The Eliot School of Fine & Applied Arts in Jamaica Plain is throwing itself a 340th birthday yard party this Friday, July 29, from 6 to 8 p.m.
The family-friendly evening will include a live musical performance by the Funky Bubblers, cake and ice cream from JP's own FoMu Alternative Ice Cream and Monumental Cupcakes, an appearance by the Jamaica Mi Hungry food truck, and activities for kids including making T-shirts and party hats.
Attendees are encouraged to bring their lawn chairs, picnic blankets and cash for activities and refreshments. The party is sponsored by FoMu and Jamaica Plain Porchfest.
The Eliot School, which is located at 24 Eliot St. in Jamaica Plain, offers crafts and fine arts classes for all ages. In tandem with its 340th birthday, a traveling exhibition is documenting the long history of the school through the fall. For a full schedule, visit the Eliot School's website. Here's a sampling of what you might learn:
In 1676, a group of local residents donated corn and land to support a school in Jamaica Plain. That year marked the end of King Philip’s War. In 1689, Rev. John Eliot, known as Minister to the Indians, endowed the school with an additional 75 acres, with the provision that it educate Native Americans and Africans as well as colonial children. For the next two centuries, it was a grammar school, adapting to the times.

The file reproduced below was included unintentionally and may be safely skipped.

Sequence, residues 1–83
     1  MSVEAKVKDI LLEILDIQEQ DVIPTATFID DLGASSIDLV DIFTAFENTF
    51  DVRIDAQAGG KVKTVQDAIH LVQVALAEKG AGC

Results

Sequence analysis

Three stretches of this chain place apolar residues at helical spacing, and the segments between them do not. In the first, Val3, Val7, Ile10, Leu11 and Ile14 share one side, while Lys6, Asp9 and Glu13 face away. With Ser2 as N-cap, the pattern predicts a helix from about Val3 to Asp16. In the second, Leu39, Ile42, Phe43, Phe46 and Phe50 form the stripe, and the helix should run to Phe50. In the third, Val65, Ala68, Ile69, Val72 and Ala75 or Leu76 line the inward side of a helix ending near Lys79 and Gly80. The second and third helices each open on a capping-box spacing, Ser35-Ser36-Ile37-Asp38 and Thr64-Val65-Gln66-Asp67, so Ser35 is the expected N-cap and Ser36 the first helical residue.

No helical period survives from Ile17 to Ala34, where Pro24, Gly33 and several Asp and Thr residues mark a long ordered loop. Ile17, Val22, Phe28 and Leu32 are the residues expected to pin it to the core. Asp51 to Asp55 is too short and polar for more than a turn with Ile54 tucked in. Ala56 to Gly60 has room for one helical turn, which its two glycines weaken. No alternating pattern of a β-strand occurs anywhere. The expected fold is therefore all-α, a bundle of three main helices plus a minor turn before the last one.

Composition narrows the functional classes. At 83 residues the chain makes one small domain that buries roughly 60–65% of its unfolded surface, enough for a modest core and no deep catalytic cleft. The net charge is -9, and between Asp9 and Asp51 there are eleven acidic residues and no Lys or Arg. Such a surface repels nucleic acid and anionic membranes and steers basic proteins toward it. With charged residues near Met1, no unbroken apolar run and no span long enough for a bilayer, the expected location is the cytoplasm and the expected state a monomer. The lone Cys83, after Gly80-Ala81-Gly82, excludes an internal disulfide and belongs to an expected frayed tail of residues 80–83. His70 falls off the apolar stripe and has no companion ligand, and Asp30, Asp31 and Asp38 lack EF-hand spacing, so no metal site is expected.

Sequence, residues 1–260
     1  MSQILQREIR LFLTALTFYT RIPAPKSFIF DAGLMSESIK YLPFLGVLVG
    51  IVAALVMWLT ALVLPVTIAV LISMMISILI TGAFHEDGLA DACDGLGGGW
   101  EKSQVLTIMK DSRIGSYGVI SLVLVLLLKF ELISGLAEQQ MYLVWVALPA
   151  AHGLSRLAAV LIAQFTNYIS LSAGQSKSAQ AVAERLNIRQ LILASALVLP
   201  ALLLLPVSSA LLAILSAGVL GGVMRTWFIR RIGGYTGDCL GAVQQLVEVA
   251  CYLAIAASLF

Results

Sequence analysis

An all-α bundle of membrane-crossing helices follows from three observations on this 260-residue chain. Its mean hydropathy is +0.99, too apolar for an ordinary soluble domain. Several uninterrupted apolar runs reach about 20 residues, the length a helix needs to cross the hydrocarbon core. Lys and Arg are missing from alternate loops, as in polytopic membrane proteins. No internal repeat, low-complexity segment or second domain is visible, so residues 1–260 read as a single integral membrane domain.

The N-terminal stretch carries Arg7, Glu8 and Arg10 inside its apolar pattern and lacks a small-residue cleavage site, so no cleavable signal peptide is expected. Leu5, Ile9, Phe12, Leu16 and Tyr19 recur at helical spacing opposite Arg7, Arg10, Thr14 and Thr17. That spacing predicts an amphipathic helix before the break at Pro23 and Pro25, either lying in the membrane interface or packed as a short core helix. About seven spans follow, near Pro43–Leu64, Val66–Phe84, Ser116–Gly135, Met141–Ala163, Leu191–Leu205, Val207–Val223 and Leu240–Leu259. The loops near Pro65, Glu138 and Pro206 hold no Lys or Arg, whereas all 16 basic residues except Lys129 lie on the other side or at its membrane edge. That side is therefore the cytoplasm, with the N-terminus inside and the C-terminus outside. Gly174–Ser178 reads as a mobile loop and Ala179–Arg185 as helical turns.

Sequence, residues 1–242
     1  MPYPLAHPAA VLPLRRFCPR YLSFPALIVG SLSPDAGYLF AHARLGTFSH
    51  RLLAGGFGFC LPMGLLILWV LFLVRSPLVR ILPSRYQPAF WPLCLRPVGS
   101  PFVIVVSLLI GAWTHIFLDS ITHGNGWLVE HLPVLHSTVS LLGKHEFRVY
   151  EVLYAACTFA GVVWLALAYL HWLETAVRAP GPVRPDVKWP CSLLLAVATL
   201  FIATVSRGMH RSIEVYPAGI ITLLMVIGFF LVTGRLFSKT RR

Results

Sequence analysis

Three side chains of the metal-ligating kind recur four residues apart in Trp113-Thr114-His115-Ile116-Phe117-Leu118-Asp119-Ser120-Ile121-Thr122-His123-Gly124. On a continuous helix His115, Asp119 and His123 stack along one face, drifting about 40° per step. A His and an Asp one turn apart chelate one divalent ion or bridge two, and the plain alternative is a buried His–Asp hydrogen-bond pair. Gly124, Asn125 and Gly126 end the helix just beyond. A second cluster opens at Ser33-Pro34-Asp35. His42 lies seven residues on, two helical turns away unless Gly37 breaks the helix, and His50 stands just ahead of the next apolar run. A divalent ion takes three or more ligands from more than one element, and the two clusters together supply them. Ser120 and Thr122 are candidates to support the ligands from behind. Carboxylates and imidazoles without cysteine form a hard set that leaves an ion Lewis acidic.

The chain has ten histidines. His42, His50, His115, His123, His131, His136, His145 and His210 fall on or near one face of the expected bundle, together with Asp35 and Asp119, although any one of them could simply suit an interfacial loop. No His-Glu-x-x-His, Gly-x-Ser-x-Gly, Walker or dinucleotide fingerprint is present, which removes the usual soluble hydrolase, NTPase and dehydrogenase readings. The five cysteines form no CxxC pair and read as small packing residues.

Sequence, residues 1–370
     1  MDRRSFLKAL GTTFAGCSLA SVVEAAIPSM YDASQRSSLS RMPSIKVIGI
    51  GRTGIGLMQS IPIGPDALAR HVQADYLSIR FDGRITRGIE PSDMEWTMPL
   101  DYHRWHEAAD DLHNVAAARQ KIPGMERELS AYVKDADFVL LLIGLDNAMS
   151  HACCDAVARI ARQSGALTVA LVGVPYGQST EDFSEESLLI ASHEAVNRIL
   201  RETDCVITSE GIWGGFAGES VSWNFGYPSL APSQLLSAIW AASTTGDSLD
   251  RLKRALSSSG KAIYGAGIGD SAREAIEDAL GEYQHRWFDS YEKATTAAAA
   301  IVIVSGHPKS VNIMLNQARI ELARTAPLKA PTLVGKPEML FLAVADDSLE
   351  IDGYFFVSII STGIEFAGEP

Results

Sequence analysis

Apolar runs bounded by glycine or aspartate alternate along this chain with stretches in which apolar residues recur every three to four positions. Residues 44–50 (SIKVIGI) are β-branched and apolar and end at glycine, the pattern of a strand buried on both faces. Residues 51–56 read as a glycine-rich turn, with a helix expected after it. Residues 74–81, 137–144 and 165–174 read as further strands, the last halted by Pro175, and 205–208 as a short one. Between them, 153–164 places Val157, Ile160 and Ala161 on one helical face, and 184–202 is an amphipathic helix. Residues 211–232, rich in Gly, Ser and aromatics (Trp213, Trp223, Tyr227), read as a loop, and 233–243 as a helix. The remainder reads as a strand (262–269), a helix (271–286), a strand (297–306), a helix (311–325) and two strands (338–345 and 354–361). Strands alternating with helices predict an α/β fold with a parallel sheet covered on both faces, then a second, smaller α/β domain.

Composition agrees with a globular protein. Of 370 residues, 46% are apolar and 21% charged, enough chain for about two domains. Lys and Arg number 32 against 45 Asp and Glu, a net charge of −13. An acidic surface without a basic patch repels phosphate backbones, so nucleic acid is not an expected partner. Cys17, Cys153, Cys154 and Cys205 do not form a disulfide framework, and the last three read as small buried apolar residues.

Beginning in the late 19th century, the Eliot School turned increasingly to the arts. In 1874, it left the public school system and by the late 1880s had added sewing and carpentry classes. Wood carving flourished. Plumbing, basketry and millinery also had their day. The school offered manual training for schoolteachers, instruction for adults, and classes for children both after school and during school time. Throughout the 20th century, students attended the Eliot School “to satisfy that instinctive desire of human beings to create,” and as “relaxation from their sedentary vocations."
Today, we continue to offer classes to people of all ages in fine and applied arts. We maintain an active relationship with Boston Public Schools, and still provide an outlet for people to relax from sedentary vocations and satisfy their need for creative expression.